Lisbon is, with Barcelona, one of the European cities leading in overnight stays.[8] The urban areas of Porto and Northern Portugal, north of Douro River surpassed Madeira, in 2010, and the Algarve, in 2015, and became the second most visited destination in Portugal. In 2015, most tourists were Europeans, but also from the Americas and Asia. Sleeping in the country's hotels, the most numerous are the British, Spanish, French, Germans, Brazilians, the Dutch, Americans, Italians, and the Japanese, which not only want the sun and the beach, but mostly cultural ones, city breaks, gastronomy, nautical tourism, or business traveling.

Portugal won 14 "Oscars" of the tourism. The national tourism had 77 nominations and won a total of 14 awards in more than 10 European categories, surpassing Spain or Italy, at the gala of the World Travel Awards 2015, whose ceremony took place in Sardinia, Italy. CNN compared Lisbon and Porto head-to-head in order to find who has the best food, culture, old cafés and boutiques, nightlife, and the best beaches.[9]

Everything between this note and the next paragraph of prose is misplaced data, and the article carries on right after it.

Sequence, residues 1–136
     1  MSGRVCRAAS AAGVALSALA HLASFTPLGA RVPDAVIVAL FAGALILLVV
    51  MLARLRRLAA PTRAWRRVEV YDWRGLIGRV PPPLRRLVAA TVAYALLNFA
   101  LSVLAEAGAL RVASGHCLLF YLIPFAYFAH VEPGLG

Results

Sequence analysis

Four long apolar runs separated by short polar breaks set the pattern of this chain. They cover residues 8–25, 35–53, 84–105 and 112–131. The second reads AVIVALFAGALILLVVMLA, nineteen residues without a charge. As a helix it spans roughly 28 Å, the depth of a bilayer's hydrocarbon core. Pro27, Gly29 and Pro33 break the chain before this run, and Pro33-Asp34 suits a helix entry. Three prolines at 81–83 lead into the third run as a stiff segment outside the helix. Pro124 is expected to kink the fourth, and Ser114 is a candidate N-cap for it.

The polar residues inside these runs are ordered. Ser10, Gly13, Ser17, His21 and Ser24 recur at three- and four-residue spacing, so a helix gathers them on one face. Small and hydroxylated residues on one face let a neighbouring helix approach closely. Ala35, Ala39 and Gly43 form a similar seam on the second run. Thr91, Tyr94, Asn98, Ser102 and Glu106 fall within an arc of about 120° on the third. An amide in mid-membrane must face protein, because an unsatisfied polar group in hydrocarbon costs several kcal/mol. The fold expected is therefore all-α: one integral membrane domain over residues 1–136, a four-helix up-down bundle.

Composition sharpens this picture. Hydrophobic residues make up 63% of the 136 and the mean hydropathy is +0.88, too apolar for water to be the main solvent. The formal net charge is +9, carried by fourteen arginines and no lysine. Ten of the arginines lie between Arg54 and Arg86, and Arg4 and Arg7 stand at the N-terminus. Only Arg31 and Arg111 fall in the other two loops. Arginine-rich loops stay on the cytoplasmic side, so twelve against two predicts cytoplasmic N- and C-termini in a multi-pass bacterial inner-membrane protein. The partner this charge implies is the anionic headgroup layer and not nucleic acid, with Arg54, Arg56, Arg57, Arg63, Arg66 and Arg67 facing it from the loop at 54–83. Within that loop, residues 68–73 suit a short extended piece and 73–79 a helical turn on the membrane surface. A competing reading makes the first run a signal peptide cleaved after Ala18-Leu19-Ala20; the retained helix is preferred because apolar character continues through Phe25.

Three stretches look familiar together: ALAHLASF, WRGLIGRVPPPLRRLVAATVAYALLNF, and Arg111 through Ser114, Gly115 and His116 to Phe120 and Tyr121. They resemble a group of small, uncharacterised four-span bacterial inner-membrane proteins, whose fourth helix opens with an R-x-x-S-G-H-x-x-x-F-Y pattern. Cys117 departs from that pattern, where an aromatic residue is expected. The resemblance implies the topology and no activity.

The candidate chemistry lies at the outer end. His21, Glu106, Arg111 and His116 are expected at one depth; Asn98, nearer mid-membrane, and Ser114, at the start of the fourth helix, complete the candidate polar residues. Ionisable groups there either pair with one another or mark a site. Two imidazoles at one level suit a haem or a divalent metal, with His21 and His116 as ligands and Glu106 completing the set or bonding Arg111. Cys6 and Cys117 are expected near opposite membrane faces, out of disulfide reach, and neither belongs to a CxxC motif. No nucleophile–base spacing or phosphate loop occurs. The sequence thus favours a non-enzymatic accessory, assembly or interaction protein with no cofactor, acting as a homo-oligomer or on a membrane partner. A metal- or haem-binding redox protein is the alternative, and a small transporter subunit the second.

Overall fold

Travel guide giants Lonely Planet have designated Portugal as one of the top 3 countries to visit in 2018.[10]

Tourism regions[edit]

Tourist hotspots in Portugal are Lisbon, Porto, the Algarve, Madeira, Sintra, Óbidos, Fátima, Coimbra and Azores, but the Portuguese government is currently developing new destinations: the Douro Valley, Porto Santo Island, and Alentejo.

Portugal has several other tourism regions such as Douro Sul, Templários, Dão-Lafões, Costa do Sol, Costa Azul, Planície Dourada, etc. Most of them are unknown to tourists and locals alike. As of 2007, these are being reorganized.

All these regions are grouped in tourism reference areas, which are widely known because these are the traditional regions:[citation needed]

Tourist regions[edit]

The main tourist regions can be broken-down into:[citation needed]

Other tourist regions include Douro Sul, Templários, Dão-Lafões, Costa do Sol, Costa Azul, Planície Dourada, that are unknown to many tourists or visitors.